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http://www.miningweekly.com/article/global...-yrs-2015-09-11

 
frodo
post Posted: Jun 12 2015, 03:50 PM
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In Reply To: arty's post @ Jun 12 2015, 11:46 AM

Arty also ERA said that their lease due to expire around 2020 so maybe it wont get renewed who knows.

I was going to add PDN to watch as its so cheap but need to do a little more rsearch on it first.

 
arty
post Posted: Jun 12 2015, 11:46 AM
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In Reply To: abner29's post @ Jun 5 2015, 11:10 PM

ERA announced today it won't proceed with Ranger 3:
http://www.asx.com.au/asx/statistics/displ...;idsId=01632637

RIO's reply sounds even more "terminal":
QUOTE
Energy Resources of Australia Ltd - Ranger 3 Deeps Project Update
11 June 2015
Rio Tinto acknowledges Energy Resources of Australia Ltd’s (ERA) release to the Australian Securities Exchange on 11 June 2015, in which it announced it has decided it would not proceed with the Final Feasibility Study of the Ranger 3 Deeps project in the current operating environment.
Rio Tinto agrees with the decision not to progress the study. After careful consideration, Rio Tinto has determined that it does not support any further study or the future development of Ranger 3 Deeps due to the project’s economic challenges.
Rio Tinto recognises the importance of ongoing rehabilitation work at the Ranger mine site, which is surrounded by the World Heritage-listed Kakadu National Park. Rio Tinto is engaged with ERA on a conditional credit facility to assist ERA to fund its rehabilitation program, should additional funding be required beyond ERA’s existing cash reserves and the future earnings from processing ore stockpiles.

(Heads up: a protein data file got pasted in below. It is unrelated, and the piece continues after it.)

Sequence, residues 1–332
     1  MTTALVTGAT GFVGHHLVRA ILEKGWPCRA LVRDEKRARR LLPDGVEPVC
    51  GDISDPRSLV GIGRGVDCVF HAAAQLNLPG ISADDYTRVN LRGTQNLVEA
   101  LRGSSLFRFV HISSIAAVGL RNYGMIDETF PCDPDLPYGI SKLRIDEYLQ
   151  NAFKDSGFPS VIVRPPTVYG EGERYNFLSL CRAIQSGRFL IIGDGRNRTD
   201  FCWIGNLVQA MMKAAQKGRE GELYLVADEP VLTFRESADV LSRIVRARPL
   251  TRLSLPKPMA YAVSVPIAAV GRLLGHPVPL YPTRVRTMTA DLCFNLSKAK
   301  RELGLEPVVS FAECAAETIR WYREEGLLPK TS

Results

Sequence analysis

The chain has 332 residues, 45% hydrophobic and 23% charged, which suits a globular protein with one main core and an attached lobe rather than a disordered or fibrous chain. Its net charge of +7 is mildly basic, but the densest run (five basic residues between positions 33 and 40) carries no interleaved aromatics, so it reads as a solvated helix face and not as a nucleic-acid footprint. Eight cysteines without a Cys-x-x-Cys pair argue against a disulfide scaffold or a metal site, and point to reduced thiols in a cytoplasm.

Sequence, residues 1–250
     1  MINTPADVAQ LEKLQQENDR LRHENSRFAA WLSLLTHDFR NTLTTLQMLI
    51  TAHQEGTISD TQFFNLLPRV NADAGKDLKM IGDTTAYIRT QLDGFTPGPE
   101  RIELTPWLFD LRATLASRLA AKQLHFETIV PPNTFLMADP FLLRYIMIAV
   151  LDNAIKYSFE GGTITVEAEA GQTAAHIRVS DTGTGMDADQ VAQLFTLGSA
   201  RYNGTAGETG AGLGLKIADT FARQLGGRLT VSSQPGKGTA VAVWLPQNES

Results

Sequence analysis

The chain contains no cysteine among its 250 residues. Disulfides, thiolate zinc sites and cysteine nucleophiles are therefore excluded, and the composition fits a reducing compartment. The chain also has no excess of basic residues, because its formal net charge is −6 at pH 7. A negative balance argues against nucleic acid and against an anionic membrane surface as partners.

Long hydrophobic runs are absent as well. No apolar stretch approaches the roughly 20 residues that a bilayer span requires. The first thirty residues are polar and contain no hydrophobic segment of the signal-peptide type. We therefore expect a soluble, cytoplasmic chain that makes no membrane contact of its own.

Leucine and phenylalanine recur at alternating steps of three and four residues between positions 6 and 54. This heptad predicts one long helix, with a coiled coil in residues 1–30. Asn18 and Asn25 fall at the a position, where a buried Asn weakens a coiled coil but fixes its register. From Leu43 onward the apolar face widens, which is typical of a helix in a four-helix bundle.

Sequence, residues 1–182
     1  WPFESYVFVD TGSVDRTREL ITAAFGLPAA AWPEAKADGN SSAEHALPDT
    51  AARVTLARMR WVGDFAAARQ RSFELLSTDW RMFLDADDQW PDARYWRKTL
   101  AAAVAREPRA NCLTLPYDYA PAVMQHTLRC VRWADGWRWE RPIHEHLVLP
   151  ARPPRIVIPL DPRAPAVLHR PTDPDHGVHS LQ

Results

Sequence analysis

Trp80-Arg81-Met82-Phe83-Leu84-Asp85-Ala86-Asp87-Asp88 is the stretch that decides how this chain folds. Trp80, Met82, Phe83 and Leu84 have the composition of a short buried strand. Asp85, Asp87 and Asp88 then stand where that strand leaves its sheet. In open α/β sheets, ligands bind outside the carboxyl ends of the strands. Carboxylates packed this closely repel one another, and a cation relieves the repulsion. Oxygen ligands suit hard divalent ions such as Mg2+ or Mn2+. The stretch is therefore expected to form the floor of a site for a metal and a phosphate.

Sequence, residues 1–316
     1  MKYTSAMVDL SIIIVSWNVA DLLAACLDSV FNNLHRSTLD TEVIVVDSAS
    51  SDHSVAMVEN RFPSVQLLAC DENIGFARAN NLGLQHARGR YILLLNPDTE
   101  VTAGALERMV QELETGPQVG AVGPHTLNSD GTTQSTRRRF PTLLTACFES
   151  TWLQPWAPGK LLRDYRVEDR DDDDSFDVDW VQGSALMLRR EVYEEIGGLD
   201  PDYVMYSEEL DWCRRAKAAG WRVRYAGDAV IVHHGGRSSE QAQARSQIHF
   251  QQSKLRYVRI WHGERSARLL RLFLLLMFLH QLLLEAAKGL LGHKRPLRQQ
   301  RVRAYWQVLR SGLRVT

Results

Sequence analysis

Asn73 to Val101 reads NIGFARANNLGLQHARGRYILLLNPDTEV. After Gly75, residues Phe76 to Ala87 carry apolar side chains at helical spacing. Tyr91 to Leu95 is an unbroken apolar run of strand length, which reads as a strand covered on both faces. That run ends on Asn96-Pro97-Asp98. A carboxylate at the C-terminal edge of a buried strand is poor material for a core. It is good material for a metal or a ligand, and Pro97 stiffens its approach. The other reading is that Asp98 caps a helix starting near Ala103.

Rio Tinto is assessing a potential non-cash impairment charge of approximately US$300 million* (post tax) relating to its shareholding in ERA.

However, demand for reactor fuel is unlikely to drop to zero any time soon, which should offer increased sales opportunities for other U-miners.
Looking at PDN's chart, it seems I'm not alone with that opinion.

Disclosure: I hold PDN and TOE



--------------------
I trade daily, but I am not a licensed adviser. Whether you find my ideas reasonable or not: The only person responsible for your actions is YOU.
I follow two rules: (1) There are no sacred truths. All assumptions must be critically examined. Arguments from authority are worthless. (2) Whatever is inconsistent with observed facts must be discarded or revised. We must understand the Market as it is and not confuse how it is with how we wish it to be. (inspired by Carl Sagan)

Said 'Thanks' for this post: early birds  abner29  
 
abner29
post Posted: Jun 5 2015, 11:10 PM